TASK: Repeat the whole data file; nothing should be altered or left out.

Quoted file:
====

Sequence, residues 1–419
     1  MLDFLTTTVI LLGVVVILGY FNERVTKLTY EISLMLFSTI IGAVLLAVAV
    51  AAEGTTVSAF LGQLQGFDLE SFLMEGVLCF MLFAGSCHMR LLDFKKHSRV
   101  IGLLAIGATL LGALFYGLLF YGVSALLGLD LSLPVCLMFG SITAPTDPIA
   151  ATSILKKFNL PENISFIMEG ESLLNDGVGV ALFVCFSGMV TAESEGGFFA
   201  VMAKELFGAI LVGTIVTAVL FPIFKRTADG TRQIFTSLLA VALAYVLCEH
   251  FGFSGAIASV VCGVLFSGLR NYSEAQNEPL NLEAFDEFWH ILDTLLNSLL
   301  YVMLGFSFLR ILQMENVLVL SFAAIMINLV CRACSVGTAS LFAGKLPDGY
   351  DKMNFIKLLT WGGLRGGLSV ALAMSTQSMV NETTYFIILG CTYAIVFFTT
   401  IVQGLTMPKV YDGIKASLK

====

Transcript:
Sequence, residues 1–419
     1  MLDFLTTTVI LLGVVVILGY FNERVTKLTY EISLMLFSTI IGAVLLAVAV
    51  AAEGTTVSAF LGQLQGFDLE SFLMEGVLCF MLFAGSCHMR LLDFKKHSRV
   101  IGLLAIGATL LGALFYGLLF YGVSALLGLD LSLPVCLMFG SITAPTDPIA
   151  ATSILKKFNL PENISFIMEG ESLLNDGVGV ALFVCFSGMV TAESEGGFFA
   201  VMAKELFGAI LVGTIVTAVL FPIFKRTADG TRQIFTSLLA VALAYVLCEH
   251  FGFSGAIASV VCGVLFSGLR NYSEAQNEPL NLEAFDEFWH ILDTLLNSLL
   301  YVMLGFSFLR ILQMENVLVL SFAAIMINLV CRACSVGTAS LFAGKLPDGY
   351  DKMNFIKLLT WGGLRGGLSV ALAMSTQSMV NETTYFIILG CTYAIVFFTT
   401  IVQGLTMPKV YDGIKASLK